Wilson earns TKO in debut

Parksville boxer wins his opening amateur fight in West Kelowna

Parksville’s Duncan Wilson rang up a TKO in his amateur boxing debut last weekend.

You can add the name of another local turning heads in the sport of boxing, and yes, that would be both figuratively and literally.

In action in West Kelowna as part of the 10-fight amateur card Night of Action held at the West Bank Lions Centre, Parksville’s Duncan Wilson marked his amateur boxing debut with a third round technical knockout and earned Best Fight of the Night honours.

A former mixed martial arts fighter, Wilson, 26 and a Ballenas Secondary School grad, has been working with local trainer Richard Le Stage off and on going on two years now. He juggles training with his job as a superintendent on a gas pipeline project up in Fort St. John.

“He’s known as ‘Doing Damage’ or just ‘Damage — he’s been called both,” Le Stage said.

Wilson actually trained for the fight at an MMA club in Fort St. John and communicated with Le Stage over the phone. He had to fly in and out of Grand Prairie to make the event, where he joined Le Stage and fellow Oceanside up-and-comer Brandon Busby. Busby’s opponent backed out at the last minute, but he still got in an impressive exhibition bout.

Wilson fought hometown boy Nick Austin from Kelowna in Cruiserweight (190 lbs) action. Both have MMA backgrounds, and both were in the ring for their first amateur boxing match.

“Duncan’s a unique fighter for me … of course my guys are always in the gym with me so, but Duncan’s a throwback,” said Le Stage, “he could have fought back in the ‘20s — he’s tough as nails and he comes to fight, and whatever Duncan has in the tank, he’ll give you 100 per cent, every time out.”

The way the story goes Wison heard Busby was scheduled to fight in Kelowna, so he asked Le Stage to get him in on the card.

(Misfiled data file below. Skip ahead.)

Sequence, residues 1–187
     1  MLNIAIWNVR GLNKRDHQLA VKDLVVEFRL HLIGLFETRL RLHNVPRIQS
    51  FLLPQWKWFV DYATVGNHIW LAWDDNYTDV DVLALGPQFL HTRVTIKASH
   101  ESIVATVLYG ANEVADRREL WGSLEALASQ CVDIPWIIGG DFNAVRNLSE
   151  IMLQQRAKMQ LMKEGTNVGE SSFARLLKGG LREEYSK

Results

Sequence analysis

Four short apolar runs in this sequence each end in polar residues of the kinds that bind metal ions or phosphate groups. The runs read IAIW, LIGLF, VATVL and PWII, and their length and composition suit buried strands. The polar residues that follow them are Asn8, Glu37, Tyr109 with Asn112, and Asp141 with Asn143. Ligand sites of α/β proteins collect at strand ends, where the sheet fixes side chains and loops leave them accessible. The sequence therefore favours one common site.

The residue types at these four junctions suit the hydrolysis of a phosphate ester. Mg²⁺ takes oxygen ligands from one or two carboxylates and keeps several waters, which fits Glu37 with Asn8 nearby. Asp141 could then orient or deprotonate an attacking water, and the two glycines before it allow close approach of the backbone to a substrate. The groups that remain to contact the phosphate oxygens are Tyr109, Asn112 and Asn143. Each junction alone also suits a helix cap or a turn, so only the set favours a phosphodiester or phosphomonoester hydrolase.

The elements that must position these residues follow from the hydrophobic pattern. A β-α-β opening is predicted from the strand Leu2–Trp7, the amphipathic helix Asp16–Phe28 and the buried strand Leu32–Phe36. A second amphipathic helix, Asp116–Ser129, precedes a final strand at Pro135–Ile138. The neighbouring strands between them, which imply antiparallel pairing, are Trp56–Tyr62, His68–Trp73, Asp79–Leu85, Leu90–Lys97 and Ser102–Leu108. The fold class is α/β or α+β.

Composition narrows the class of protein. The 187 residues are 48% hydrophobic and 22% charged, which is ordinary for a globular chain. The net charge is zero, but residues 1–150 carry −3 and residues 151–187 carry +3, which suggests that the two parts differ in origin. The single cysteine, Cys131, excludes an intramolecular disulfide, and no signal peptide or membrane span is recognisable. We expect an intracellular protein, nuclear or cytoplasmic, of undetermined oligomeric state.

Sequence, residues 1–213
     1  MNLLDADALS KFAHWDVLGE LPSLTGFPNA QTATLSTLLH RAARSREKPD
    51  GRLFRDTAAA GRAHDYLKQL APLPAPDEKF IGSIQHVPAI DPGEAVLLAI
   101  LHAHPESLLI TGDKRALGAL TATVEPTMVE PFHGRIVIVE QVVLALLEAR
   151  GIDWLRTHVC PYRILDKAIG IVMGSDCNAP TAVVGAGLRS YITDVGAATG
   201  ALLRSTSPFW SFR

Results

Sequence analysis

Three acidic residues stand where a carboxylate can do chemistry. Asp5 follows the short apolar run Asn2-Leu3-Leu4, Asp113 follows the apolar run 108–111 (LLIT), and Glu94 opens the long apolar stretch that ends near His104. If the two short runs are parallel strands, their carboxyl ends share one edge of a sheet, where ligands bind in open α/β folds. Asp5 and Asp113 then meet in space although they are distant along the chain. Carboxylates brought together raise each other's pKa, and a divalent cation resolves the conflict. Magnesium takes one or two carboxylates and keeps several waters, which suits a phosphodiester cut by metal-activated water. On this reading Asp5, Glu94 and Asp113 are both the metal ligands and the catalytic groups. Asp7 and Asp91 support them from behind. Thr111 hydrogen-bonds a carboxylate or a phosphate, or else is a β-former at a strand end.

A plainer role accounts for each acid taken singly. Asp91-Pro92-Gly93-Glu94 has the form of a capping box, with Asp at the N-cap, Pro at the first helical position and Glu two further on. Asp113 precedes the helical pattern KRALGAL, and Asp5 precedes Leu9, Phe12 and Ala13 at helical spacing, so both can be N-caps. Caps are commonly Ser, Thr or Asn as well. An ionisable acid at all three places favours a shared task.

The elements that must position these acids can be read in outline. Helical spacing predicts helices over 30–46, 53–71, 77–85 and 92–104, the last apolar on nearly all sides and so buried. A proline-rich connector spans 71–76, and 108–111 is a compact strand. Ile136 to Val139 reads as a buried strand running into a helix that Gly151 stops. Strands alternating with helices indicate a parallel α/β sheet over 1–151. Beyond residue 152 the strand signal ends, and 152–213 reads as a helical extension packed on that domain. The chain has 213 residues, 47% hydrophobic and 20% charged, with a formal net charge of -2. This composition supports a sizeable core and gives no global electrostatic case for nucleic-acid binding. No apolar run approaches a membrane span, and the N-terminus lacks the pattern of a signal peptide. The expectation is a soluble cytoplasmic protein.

“The other guy came to fight, which was good. You could see the other guy was very concerned with the shots he was being hit with, but he never backed down — was a good action fight. You had two guys who, maybe through some lack of complete training, weren’t throwing the most technical punches, but there were bad intentions on the shots.”

Wilson, said Le Stage, landed a big right hand in the dying seconds of the second round, “and that was the changing point of the fight — Duncan’s power and willingness to throw. “

Le Stage said in between the second and third round he told Wilson that being his opponent was a hometown fighter he’s “going to have to put him on his butt to win this fight, and this is why I say Duncan is more of an old school fighter. Duncan went out there to finish him and he finished him.”

Wilson was catching him with overhand rights and hooks and finished him off with a right uppercut early in the third round.

“It was a really good fight … they were both trying to win — hard.”

As for Busby, 21, who fights as a Super Middleweight (168 lbs) he  ended up fighting Josh Van Ryhn out of Richmond. Van Ryhn, the number-two-ranked Super Welterweight in B.C., is trained by Greg Harrison, a good friend and former stablemate of Le Stage back in the day when he was boxing.

Harrison brought Van Ryhn to Parksville two weeks ago and the they sparred at Le Stage’s gym in Coombs.

And while it was only an exhibition bout between two fighters in different weight classes, “we knew it was still going to be one of the best fights on the card, and it was. It was awesome — it was absolutely fantastic. Both guys worked hard, and Brandon is starting to get things,” said Le Stage.

“Brandon’s coming along very nicely. Every time he steps in the ring he gets better … I would say if he continues at this pace, by May he’ll have a belt around his waist.”

 

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